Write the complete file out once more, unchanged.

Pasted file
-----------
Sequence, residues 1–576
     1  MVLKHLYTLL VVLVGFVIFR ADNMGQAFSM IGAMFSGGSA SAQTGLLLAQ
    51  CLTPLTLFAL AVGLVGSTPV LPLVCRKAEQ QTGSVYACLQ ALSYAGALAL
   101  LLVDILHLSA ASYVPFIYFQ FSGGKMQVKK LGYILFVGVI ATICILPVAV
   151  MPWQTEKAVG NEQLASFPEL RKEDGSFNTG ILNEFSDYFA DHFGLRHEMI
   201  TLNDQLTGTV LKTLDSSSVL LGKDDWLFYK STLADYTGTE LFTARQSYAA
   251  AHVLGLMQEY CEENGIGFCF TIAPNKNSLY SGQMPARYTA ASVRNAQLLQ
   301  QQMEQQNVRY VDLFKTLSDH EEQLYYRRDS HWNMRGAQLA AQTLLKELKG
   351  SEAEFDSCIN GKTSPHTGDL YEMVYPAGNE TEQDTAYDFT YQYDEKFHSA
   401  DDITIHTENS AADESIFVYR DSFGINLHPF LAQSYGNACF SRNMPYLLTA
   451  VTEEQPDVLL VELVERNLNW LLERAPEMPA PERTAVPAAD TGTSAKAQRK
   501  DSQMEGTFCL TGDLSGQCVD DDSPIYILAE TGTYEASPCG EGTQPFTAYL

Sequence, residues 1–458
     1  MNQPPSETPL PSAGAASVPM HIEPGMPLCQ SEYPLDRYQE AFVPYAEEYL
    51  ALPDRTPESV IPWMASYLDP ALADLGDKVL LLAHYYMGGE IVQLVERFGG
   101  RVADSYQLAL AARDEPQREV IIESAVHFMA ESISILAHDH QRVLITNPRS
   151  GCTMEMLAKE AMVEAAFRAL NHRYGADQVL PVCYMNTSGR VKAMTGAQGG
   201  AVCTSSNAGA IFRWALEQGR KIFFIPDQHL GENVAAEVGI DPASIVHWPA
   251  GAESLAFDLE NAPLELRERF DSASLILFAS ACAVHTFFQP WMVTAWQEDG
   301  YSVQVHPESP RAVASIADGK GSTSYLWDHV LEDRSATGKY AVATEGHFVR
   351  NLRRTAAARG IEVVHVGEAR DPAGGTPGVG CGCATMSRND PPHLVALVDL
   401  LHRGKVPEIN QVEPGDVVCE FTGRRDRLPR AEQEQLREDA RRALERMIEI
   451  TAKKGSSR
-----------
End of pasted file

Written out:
Sequence, residues 1–576
     1  MVLKHLYTLL VVLVGFVIFR ADNMGQAFSM IGAMFSGGSA SAQTGLLLAQ
    51  CLTPLTLFAL AVGLVGSTPV LPLVCRKAEQ QTGSVYACLQ ALSYAGALAL
   101  LLVDILHLSA ASYVPFIYFQ FSGGKMQVKK LGYILFVGVI ATICILPVAV
   151  MPWQTEKAVG NEQLASFPEL RKEDGSFNTG ILNEFSDYFA DHFGLRHEMI
   201  TLNDQLTGTV LKTLDSSSVL LGKDDWLFYK STLADYTGTE LFTARQSYAA
   251  AHVLGLMQEY CEENGIGFCF TIAPNKNSLY SGQMPARYTA ASVRNAQLLQ
   301  QQMEQQNVRY VDLFKTLSDH EEQLYYRRDS HWNMRGAQLA AQTLLKELKG
   351  SEAEFDSCIN GKTSPHTGDL YEMVYPAGNE TEQDTAYDFT YQYDEKFHSA
   401  DDITIHTENS AADESIFVYR DSFGINLHPF LAQSYGNACF SRNMPYLLTA
   451  VTEEQPDVLL VELVERNLNW LLERAPEMPA PERTAVPAAD TGTSAKAQRK
   501  DSQMEGTFCL TGDLSGQCVD DDSPIYILAE TGTYEASPCG EGTQPFTAYL

Sequence, residues 1–458
     1  MNQPPSETPL PSAGAASVPM HIEPGMPLCQ SEYPLDRYQE AFVPYAEEYL
    51  ALPDRTPESV IPWMASYLDP ALADLGDKVL LLAHYYMGGE IVQLVERFGG
   101  RVADSYQLAL AARDEPQREV IIESAVHFMA ESISILAHDH QRVLITNPRS
   151  GCTMEMLAKE AMVEAAFRAL NHRYGADQVL PVCYMNTSGR VKAMTGAQGG
   201  AVCTSSNAGA IFRWALEQGR KIFFIPDQHL GENVAAEVGI DPASIVHWPA
   251  GAESLAFDLE NAPLELRERF DSASLILFAS ACAVHTFFQP WMVTAWQEDG
   301  YSVQVHPESP RAVASIADGK GSTSYLWDHV LEDRSATGKY AVATEGHFVR
   351  NLRRTAAARG IEVVHVGEAR DPAGGTPGVG CGCATMSRND PPHLVALVDL
   401  LHRGKVPEIN QVEPGDVVCE FTGRRDRLPR AEQEQLREDA RRALERMIEI
   451  TAKKGSSR